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Chipotle Scarecrow

Chipotle Scarecrow

I just wanted to do a quick post to share a couple of ads I’ve come across recently that I think are reflective of really well-thoughout communications strategies. These advertising and other comms professionals have really gone beneath surface issues when considering what their customers/patrons/consumers value, and as I’m learning through my degree, that is an integral part of a successful media campaign. Their ads tell a story, offer a narrative for viewers to follow, and appeal to our emotions, rather than our hip pockets.

1. Chipotle

‘In a dystopian fantasy world, all food production is controlled by fictional industrial giant Crow Foods. Scarecrows have been displaced from their traditional role of protecting food, and are now servants to the crows and their evil plans to dominate the food system. Dreaming of something better, a lone scarecrow sets out to provide an alternative to the unsustainable processed food from the factory.’ The ad features a cover of ‘Pure Imagination’ from the film Willy Wonka & The Chocolate Factory, by vegan and animal lover, Fiona Apple.

2. True

‘Giving’ tells the story of a man unexpectedly rewarded for a lifetime of good deeds he performed without expecting anything in return. True “believes in the power of giving without expecting a return.”

3. Expedia

Expedia’s ‘Find Your Understanding’ tells the tale of a father coming to terms with his daughter’s marriage to another woman, and his (cliche) journey both physically and mentally, to arriving at their wedding.

4. Pizza Hut Canada

This ad ‘Dip Hop’ might tell less of a ‘story’ but it’s pretty bloody fascinating, at least for a minute or two.

5. Airbnb

Airbnb have combined ‘the history of filmmaking (Hollywood) with the future of filmmaking (Vine)’ to make ‘a true work of art’. According to PSFK, ‘[s]tarting on August 22nd, different sets of instructions were released between the hours of 8am and 5pm until August 27th [via Twitter]. There was a 48 hour window for submissions for each set of instructions, and they were judged based on several weighted criteria: Originality & Creativity (40%), Compliance with Instructions (40%) and Video Quality & Clarity (20%).’ If a video was selected, it appears in the final film, and winners received a $100 Airbnb coupon. Vivek Wagle says, ‘[i]t’s a story about personal transformation and finding one’s place in the world. It’s what happens when you decide to eschew the boring and familiar. In the end, the raw, imperfect nature of the medium is part of the story.’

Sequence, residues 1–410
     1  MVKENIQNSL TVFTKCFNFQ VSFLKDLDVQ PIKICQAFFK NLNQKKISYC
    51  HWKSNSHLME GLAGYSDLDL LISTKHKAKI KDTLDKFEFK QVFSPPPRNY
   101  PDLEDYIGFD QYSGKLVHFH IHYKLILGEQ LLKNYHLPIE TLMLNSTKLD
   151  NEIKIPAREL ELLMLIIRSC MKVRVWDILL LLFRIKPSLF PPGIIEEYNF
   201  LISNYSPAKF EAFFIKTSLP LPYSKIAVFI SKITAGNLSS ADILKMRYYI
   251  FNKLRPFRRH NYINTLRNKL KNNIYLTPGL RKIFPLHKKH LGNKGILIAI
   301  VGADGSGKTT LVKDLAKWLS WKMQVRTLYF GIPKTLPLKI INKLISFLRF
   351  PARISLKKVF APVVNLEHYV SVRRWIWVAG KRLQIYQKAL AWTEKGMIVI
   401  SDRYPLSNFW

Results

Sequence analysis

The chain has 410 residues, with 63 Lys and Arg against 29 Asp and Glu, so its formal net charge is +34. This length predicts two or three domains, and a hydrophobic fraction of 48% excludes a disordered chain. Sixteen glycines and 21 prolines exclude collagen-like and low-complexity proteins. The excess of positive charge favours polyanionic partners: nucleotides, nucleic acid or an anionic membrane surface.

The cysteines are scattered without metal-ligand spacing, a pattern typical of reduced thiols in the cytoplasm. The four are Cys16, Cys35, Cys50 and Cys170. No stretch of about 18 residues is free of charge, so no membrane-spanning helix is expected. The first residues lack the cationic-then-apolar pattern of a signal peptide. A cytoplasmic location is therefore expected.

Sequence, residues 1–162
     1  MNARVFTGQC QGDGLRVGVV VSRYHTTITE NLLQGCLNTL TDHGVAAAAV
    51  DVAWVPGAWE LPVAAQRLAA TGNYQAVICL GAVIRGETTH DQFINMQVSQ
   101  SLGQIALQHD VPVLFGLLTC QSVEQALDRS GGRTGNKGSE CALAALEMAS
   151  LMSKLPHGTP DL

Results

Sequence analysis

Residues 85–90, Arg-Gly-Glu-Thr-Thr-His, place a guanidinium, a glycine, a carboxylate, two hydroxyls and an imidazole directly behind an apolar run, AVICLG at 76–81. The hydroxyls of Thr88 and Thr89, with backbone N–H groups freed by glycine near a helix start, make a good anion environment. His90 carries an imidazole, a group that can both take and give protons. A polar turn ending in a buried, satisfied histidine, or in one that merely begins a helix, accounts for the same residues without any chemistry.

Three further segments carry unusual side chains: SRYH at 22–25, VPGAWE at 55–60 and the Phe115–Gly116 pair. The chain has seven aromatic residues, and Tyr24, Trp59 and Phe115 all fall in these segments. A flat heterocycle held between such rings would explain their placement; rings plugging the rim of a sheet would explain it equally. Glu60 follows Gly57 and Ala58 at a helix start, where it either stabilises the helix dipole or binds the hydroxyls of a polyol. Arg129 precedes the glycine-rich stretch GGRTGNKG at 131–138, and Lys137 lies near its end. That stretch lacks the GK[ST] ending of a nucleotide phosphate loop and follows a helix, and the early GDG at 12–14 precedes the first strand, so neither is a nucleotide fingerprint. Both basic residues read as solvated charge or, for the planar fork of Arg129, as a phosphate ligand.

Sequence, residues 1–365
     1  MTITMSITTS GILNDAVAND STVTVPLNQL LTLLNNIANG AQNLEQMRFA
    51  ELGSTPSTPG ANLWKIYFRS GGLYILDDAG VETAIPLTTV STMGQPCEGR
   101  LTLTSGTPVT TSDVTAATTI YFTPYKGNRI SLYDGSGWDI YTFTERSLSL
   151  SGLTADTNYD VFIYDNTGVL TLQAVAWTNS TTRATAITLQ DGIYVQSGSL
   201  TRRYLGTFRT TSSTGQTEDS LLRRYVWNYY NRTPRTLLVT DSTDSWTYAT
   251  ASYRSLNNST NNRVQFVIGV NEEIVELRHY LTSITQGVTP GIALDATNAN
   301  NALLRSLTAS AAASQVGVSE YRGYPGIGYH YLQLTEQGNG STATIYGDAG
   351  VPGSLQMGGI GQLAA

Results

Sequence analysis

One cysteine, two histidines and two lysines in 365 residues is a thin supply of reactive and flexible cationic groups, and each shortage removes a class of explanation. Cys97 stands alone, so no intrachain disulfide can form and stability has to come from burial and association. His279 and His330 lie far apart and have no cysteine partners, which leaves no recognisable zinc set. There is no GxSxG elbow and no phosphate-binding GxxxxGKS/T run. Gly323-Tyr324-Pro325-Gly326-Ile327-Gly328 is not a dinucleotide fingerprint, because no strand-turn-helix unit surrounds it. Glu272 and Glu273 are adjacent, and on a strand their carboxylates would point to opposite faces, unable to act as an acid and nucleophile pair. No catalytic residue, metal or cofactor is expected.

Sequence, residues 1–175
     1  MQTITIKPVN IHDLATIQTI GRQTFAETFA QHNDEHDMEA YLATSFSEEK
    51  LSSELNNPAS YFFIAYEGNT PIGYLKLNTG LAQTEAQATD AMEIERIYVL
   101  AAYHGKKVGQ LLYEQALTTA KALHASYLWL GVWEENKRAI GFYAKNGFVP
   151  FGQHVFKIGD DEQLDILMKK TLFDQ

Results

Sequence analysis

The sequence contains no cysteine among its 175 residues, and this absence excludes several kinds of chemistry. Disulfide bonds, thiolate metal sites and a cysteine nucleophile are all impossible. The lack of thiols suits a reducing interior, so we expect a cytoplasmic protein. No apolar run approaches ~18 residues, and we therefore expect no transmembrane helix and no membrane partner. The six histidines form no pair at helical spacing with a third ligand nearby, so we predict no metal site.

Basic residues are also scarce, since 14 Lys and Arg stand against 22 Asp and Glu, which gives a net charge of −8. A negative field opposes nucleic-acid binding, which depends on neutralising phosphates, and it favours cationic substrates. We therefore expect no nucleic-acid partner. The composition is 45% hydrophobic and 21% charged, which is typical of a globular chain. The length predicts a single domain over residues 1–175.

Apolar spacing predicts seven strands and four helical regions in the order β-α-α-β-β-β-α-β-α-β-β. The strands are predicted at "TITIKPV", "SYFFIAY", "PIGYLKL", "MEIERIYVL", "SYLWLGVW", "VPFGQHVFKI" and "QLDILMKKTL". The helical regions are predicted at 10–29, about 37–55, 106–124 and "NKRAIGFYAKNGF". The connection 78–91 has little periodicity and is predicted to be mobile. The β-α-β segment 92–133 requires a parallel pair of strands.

6. Ikea

And finally, Ikea shows us the importance of adventure, getting out of your comfort zone and not letting your habits and routines rule your life. I wish this ad were a true story.

Enjoy!

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And here’s what I did at artsHub this week:

Record number of finalists for Portia Geach Memorial Award

Young singers battle for Australasia’s top award

New model for artists’ payment

Songs I Love to Hate: generally these songs are overplayed on commercial radio stations, may be used in advertising, are sung by mainstream artists worth millions of dollars who couldn’t give two shits about our opinion because ultimately, we’re listening to it whether we like it or not. Quite often, I’ll like the song the first time or first few times I hear it. It’ll be catchy and repetitive before becoming an unwelcome ear worm, slugging away in my ear; stretching out when it’s least wanted and curling back up to sleep when I’m actively engaged in something important. But something about their ridiculous quota of airtime and popular success ignites a passion deep within that sustains our interest enough for us to remember how much we dislike the song or possibly the artist. When the song/artist comes up in conversation we immediately pounce, saying how much we hate it/them and how if hear that song “one more time…” Yeah. We might find ourselves swimming against the current and that’s okay. Just so long as you know how to tread water while waiting for the storm to pass and everyone to get addicted to some other new release, possibly by the same artist but hopefully, by some new one hit wonder with better tone, musicality and talent than the last.

Case in point:

Anything by T.Swift especially 22, One Direction (lol, R.I.P Haylor), Lily Allen, Thrift Shop by Macklemore and Ryan Lewis, Diamonds by Rihanna, Somebody That I Used to Know by Gotye ft. Kimbra, Glamorous by Fergie

But You Belong With Me has the cutest video clip ever!

Songs I Hate to Love: on the other hand, I find myself mildly embarrassed to love some songs. They are commonly commercial hits by international acts with huge budgets and an entourage of hundreds running behind. The good thing about secretly loving these songs is that more often than not, you’ll find you’re not alone in your singing while driving, dancing in your bedroom or stalking the twitter account of the artist. The most obvious way to out a secret lover is by catching them humming the melody, or by scrolling through their iTunes Most Played playlist, and finding the artist’s entire album slotted in alphabetically after an impulsive download late at night. Unlike those we Love to Hate, it might take us a while to grab onto the wow factor of these tunes – if there is any wow involved at all – but once we’ve caught on, we’re hooked for good. These songs also may be connected to memories or occasions that mark special moments in one’s life. The artists may be better performers than musicians, speakers than singers and give great interviews obviously scripted by a smart publicist wanting to sell tickets. But ultimately, they’ve most likely got me, and you, between their hot little hands, ready to refresh our browsers 101 times at 9am to get a ticket to their next gig.